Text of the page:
The euro is still going strong

One of the stranger things of the last year has been how resilient the euro has traded. Here’s EUR/USD:

Picture 7 The euro is still going strong

How has the euro stayed so (relatively) strong, given the extreme turmoil in Europe? We’ve had sovereign debt crises, bank crises, funding problems, dumb political treaties, and one EU summit after another (to name a few). On the other side of the Atlantic, however, they’ve had decent job growth and a lot of talk about decoupling (and they are much further along in the deleveraging process).

So I was glad to see the FT take on the puzzle. They reach the conclusion that there are two reasons: One is the deleveraging of European banks selling U.S. assets (and thus using their dollars to buy euros); and two is the Chinese keeping the euro strong by buying up assets. Another article mentions lower volume and volatility, and that corporates are not as afraid of tail risk.

These reasons make sense, but the EUR/USD is the most traded currency pair in the world. The liquidity is awesome. I have to wonder whether something else is affecting this. Even during the most volatile of times the euro held up, even though a lot of people bet on it not to.

What’s the central banks’ role in all this? Seeing as central banks are rather secretive, I can only speculate. I would note, though, that just the fact that central banks can intervene as the Bank of Japan and the Swiss National Bank has must be some kind of factor. Just look at equity prices in the ten minutes after the liquidity-facility between large central banks was made public. This might make investors more careful.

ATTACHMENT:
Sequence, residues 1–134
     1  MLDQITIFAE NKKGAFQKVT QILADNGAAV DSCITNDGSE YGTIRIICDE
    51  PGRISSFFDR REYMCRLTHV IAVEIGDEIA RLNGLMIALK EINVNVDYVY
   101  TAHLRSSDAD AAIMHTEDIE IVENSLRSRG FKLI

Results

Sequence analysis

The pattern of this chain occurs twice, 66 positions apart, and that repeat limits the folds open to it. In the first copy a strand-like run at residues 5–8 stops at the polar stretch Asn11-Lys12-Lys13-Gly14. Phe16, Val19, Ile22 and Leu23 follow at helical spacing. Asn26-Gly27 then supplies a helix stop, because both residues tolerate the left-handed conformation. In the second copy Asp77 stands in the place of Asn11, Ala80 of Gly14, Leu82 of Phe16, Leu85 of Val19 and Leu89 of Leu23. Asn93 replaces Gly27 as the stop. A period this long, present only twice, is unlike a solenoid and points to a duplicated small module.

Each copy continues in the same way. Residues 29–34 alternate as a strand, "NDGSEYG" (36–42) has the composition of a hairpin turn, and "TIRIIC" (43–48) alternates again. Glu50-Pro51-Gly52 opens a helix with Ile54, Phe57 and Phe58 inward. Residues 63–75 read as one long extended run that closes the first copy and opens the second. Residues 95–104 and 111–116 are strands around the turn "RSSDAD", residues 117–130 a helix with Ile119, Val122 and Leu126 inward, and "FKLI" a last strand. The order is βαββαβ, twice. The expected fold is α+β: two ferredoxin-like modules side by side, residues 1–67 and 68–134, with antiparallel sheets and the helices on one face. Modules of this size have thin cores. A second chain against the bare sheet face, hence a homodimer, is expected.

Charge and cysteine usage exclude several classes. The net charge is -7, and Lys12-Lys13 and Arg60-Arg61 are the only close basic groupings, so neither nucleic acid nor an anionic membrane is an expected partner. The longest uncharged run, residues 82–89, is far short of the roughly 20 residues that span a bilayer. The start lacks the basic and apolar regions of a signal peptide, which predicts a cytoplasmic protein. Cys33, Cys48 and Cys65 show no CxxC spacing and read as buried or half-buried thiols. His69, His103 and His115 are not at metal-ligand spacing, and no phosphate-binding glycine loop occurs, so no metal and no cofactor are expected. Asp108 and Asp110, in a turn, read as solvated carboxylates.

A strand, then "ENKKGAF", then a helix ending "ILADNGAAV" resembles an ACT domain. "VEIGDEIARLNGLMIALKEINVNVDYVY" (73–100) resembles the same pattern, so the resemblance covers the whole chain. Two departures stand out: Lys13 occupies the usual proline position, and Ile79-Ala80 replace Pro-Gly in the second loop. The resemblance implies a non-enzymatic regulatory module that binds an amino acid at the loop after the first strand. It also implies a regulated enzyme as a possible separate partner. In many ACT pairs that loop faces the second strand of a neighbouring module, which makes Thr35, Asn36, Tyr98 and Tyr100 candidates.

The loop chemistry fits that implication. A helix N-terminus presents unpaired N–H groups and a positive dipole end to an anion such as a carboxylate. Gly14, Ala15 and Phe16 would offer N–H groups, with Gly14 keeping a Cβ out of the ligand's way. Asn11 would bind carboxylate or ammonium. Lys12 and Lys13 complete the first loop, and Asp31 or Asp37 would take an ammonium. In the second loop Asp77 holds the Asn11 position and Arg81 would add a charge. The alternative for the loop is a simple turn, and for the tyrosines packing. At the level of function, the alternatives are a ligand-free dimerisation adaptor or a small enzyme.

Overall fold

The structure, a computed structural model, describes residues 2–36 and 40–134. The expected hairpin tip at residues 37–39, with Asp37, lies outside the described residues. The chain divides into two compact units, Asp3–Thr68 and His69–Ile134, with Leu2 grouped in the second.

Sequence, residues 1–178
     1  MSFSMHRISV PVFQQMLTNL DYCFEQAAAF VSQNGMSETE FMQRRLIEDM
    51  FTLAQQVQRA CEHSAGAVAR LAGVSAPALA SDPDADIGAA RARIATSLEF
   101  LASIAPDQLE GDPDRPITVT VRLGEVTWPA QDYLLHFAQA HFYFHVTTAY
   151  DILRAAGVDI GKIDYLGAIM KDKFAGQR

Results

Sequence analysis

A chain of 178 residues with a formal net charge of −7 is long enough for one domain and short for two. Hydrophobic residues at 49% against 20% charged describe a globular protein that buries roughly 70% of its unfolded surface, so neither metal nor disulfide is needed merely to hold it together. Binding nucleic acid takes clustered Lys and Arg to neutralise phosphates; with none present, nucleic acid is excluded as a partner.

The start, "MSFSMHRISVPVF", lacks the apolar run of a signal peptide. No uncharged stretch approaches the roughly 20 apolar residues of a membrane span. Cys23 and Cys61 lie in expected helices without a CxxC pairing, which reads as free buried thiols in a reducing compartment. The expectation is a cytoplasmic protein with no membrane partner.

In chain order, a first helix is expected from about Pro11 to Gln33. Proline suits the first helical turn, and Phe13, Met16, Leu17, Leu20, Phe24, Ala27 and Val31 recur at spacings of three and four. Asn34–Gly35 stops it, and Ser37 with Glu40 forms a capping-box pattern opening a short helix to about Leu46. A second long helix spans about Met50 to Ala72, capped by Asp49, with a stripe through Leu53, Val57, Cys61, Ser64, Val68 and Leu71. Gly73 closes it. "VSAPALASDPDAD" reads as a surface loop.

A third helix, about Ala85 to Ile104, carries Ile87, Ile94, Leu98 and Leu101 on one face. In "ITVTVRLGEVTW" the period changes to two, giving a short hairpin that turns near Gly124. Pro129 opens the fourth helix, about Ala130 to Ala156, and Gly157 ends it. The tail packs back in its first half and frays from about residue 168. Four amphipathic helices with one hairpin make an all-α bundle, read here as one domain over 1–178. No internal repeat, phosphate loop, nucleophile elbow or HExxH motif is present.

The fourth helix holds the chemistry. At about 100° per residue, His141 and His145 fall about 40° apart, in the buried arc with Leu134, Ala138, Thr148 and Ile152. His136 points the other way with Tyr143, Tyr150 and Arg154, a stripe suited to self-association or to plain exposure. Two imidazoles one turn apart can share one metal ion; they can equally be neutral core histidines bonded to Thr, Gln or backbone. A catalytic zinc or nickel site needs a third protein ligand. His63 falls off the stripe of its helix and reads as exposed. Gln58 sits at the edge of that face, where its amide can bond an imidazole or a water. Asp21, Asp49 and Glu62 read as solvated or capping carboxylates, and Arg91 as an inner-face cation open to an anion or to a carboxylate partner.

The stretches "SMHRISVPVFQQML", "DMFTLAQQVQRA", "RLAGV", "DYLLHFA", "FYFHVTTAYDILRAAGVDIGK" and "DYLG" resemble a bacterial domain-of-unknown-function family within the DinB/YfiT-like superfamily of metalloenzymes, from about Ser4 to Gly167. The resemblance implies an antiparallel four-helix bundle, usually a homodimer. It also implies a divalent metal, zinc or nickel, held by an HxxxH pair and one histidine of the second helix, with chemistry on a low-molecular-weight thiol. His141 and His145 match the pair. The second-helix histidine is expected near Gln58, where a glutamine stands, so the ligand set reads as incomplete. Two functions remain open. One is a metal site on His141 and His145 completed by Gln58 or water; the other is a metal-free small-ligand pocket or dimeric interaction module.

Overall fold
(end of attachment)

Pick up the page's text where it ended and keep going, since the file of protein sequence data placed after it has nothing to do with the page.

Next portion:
Anyway, I wonder if it’s going to stay this way. If the European banks are done selling U.S. assets, the Chinese would stop propping up the euro, or some other factor — do we see a massive selloff? There is also the factor that the euro crisis is not over. At least, I don’t think so. Finally, there is the political factor. I wouldn’t be surprised if some political move was to influence the foreign exchange market. It seems like currencies are less affected by events, though. The ECB’s balance sheet has exploded (although so has all other central banks), but because we’re in a liquidity trap, it’s not working its way to the real economy — or a lower currency.

At the end, I just want to say that I don’t see a lower euro as bad. In fact, it might even help Europe for the euro to trade lower, but until now it has held up.